Robinson '79 recalls years with Reagan

by Licyau Wong | 10/16/03 5:00am

"You'd have thought you'd wandered into a lunatic asylum in which the inmates believed they were not Caesar or Napoleon, but Reagan," Peter Robinson '79 wrote in his memoir "How Ronald Reagan Changed My Life."

The memoir, which discusses Robinson's career as a Reagan speechwriter, was recently released to much media attention.

"It shows that the country is still fascinated by Reagan, that there is recognition that he was a great figure," Robinson said in an interview with The Dartmouth.

The book covers Robinson's six-year career as the youngest speechwriter in the Reagan administration. As a speechwriter, Robinson became part of an elite group of individuals who possessed intimate knowledge of the President.

One of the challenges Robinson faced as a speechwriter was becoming familiar with the speaking habits and manners of Reagan. Additionally, it was essential that speechwriters agreed with the policies of the administration.

"To be a good speechwriter, you had to give your heart to the man," Robinson said.

Robinson's career has had many highlights, but perhaps the most historically important was a particular speech that Reagan made in Germany in April 1987. Robinson's adapted line "Mr. Gorbachev, tear down this wall" became a rousing symbol of the end of the Cold War.

"I was just a speechwriter trying to write a speech. I didn't think it would have anything like the prolonged life that it continues to have today," Robinson said.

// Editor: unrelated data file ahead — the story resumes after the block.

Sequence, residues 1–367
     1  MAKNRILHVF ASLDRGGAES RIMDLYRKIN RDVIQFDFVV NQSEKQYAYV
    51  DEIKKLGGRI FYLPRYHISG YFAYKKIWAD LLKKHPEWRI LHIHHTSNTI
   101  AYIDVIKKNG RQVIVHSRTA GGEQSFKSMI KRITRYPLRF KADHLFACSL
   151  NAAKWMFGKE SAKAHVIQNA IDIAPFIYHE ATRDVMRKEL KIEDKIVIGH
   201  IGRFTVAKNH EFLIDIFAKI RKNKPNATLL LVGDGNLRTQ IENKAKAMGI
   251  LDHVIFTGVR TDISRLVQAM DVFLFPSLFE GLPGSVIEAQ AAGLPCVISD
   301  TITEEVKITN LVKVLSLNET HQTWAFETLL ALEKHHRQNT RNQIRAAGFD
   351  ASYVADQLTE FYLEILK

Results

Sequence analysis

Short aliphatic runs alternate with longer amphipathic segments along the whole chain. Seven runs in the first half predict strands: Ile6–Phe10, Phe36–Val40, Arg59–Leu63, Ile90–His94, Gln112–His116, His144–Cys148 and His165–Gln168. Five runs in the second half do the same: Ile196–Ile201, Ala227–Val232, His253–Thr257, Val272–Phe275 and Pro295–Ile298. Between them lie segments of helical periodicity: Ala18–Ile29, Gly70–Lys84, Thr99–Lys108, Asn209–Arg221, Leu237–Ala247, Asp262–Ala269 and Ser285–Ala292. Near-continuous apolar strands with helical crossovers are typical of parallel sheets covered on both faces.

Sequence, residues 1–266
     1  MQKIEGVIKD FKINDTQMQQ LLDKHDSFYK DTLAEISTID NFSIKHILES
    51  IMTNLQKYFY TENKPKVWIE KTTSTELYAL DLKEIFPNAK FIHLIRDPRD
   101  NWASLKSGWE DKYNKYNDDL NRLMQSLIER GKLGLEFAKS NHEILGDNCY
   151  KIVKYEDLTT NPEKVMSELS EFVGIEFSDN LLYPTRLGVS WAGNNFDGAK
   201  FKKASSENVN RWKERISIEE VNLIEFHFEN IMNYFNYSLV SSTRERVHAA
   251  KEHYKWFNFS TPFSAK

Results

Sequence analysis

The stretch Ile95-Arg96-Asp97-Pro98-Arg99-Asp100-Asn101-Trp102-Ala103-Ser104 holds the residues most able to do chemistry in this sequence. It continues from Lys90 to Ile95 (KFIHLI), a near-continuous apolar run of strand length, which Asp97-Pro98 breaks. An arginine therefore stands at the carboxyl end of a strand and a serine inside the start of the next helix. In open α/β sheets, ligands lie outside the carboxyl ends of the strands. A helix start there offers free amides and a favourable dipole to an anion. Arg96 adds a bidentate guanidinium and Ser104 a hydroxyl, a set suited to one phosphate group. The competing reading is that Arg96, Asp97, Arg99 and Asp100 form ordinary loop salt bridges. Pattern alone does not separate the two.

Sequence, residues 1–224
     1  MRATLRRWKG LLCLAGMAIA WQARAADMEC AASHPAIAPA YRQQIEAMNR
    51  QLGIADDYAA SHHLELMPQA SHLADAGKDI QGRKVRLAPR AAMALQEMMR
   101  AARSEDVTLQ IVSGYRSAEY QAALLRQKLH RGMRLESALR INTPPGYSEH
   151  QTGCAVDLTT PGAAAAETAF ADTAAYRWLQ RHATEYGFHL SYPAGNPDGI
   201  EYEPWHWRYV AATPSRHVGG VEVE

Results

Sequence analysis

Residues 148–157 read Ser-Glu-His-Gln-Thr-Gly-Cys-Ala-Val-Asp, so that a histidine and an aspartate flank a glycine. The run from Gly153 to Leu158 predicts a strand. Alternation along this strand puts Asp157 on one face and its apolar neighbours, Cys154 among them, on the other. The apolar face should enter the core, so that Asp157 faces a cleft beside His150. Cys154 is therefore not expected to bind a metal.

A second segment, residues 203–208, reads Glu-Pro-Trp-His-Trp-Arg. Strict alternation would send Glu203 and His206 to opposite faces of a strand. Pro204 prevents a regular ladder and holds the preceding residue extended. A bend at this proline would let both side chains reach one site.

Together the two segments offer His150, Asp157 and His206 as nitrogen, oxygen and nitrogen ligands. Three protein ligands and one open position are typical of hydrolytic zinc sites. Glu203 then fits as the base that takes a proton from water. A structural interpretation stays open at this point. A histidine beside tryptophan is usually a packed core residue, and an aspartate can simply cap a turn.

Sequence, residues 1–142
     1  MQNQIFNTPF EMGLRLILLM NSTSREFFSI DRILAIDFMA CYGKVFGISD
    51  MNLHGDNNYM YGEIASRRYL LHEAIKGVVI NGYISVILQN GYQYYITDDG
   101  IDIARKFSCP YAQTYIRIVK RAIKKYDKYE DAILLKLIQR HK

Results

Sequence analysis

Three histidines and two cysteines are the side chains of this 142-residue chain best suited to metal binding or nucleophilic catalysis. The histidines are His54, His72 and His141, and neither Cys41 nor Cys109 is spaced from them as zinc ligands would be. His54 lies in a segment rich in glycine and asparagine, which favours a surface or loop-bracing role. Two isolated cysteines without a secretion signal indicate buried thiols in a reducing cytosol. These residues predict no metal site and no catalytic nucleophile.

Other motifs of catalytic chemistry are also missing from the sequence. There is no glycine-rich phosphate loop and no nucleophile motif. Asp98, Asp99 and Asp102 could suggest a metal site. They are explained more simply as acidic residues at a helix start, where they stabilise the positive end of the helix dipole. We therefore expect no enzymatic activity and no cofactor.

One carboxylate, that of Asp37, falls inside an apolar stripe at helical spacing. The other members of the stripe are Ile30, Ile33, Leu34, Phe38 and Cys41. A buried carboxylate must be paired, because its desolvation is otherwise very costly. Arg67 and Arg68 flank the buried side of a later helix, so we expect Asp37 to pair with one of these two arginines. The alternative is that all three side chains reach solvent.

As a young man in his 20s, Robinson looked up to Reagan as a role model. His most important lesson learned was to "face life with what you've got." Robinson saw Reagan as a man with shortcomings like anyone else, but he never wished to be someone else and he always stood up for what he believed in, according to Robinson.

When Robinson was a student at Dartmouth in the late 1970s, co-education was still a recently implemented policy. With the increasing number of females on campus, students have also become better dressed, he said.

"We really were savages with jeans and unshaven faces," Robinson said.

When he was a student, another difference, according to Robinson, was that Republicans were not as dominant on the political scene. Until the 1994 elections, the House of Representatives had been Democratically ruled for 40 years. Robinson and his friends considered themselves conservatives first and Republicans second.

"Republicans were very much a minority; it wasn't clear that [Republicans] had all that much to be proud of," Robinson said. "The College Republicans were a very insignificant group in those days."

Robinson wrote op-eds frequently for The Dartmouth starting his freshman year. He rose to the position of editorial page editor by his junior year.

The year after Robinson graduated, a group of his friends started The Dartmouth Review, the College's conservatively-slanted newspaper. Robinson contributed to The Review in its early years from England while he was studying at Oxford on a Reynolds scholarship.

Since Reagan's presidency, Robinson has worked for Fox Television, received his MBA from Stanford University and has had his work published in publications like the New York Times, The Red Herring and Forbes.

In 1993, Robinson joined Stanford's Hoover Institute and has been editor of the Hoover Digest since its beginnings in 1996. He is also the host of the public policy show "Uncommon Knowledge" on PBS.

Robinson is also the author of "It's My Party: A Republican's Messy Love Affair with the GOP" and "Snapshots from Hell: The Making of an MBA."